From the December 2009 Idaho Observer:
On a normal day, Majken Friss Jorgensen, managing director of Copenhagen's biggest limousine company, says her firm has twelve vehicles on the road. During the "summit to save the world", which opened Dec. 6, she will have 200. "We thought they were not going to have many cars, due to it being a climate convention," she says.
Ms Jorgensen now reckons that between her and her rivals the total number of limos in Copenhagen broke the 1,200 barrier. The French alone rang up and ordered another 42. "We didn’t have enough limos in the country to fulfill the demand," she says. "We had to drive them in hundreds of miles from Germany and Sweden."
The total number of electric cars or hybrids among that number? "Five," says Jorgensen. "The government has some alternative fuel cars but the rest will be petrol or diesel. We don't have any hybrids in Denmark, unfortunately, due to the extreme taxes on those cars. It makes no sense at all, but it's very Danish."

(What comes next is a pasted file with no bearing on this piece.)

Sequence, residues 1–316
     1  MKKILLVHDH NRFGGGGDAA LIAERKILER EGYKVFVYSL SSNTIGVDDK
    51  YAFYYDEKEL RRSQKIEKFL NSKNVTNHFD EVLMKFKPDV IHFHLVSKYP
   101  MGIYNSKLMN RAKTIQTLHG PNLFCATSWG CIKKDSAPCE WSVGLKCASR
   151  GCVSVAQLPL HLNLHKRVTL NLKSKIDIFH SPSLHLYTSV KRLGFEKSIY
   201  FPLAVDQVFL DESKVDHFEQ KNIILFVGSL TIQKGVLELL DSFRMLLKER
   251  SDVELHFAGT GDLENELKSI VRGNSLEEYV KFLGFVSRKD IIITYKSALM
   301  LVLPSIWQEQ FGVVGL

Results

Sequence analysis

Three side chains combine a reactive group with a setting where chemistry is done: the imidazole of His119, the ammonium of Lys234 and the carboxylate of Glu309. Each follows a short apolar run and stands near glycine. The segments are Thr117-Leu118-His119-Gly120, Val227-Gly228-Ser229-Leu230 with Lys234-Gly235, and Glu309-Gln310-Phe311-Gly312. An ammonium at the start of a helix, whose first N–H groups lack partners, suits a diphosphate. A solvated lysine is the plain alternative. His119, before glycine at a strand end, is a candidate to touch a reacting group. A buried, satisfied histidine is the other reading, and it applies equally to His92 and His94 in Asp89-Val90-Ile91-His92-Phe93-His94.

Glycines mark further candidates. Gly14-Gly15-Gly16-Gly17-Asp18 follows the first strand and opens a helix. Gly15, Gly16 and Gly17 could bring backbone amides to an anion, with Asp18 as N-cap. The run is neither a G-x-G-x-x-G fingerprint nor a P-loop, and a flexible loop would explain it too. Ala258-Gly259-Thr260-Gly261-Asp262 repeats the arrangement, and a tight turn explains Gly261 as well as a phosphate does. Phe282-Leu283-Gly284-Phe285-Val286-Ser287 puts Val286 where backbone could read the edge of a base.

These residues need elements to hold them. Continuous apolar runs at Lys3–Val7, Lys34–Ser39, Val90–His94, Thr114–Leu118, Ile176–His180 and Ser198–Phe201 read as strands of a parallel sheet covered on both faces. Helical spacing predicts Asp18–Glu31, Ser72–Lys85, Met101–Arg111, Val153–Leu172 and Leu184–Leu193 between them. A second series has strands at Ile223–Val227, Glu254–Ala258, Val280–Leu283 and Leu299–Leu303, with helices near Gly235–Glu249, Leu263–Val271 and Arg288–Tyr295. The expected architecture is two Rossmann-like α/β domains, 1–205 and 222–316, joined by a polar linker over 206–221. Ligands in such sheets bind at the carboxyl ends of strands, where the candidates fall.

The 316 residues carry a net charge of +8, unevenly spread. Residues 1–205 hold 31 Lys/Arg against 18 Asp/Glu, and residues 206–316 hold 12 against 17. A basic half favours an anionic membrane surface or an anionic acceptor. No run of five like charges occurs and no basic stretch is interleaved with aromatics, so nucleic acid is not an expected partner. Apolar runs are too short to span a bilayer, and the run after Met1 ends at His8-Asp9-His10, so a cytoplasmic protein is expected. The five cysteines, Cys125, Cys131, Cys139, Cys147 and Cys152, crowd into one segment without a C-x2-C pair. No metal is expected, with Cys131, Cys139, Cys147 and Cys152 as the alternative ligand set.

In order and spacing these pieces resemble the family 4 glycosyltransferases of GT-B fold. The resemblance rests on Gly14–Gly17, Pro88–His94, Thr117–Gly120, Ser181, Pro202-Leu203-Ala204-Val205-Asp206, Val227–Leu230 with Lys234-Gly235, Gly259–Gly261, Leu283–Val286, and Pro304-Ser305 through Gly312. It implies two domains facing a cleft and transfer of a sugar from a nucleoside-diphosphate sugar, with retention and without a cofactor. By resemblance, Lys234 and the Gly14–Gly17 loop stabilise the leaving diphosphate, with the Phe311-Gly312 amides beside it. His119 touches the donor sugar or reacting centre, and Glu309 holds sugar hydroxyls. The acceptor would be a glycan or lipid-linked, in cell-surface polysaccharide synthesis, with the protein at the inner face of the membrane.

The airport expected up to 140 extra private jets during the peak period alone, so far over its capacity that the planes had to fly off to regional airports – or to Sweden – to park, returning to Copenhagen to pick up their VIP passengers.
As well as 15,000 delegates and officials, 5,000 journalists and 98 world leaders, the Danish capital was blessed by the presence of Leonardo DiCaprio, Daryl Hannah, Helena Christensen, Archbishop Desmond Tutu and Prince Charles. A Republican US senator, Jim Inhofe, jetted in at the head of an anti-climate-change "Truth Squad." The top hotels – all fully booked at £650 a night – readied their Climate Convention menus of (no doubt sustainable) scallops, foie gras and sculpted caviar wedges.
For the full article visit The Telegraph http://www.telegraph.co.uk.
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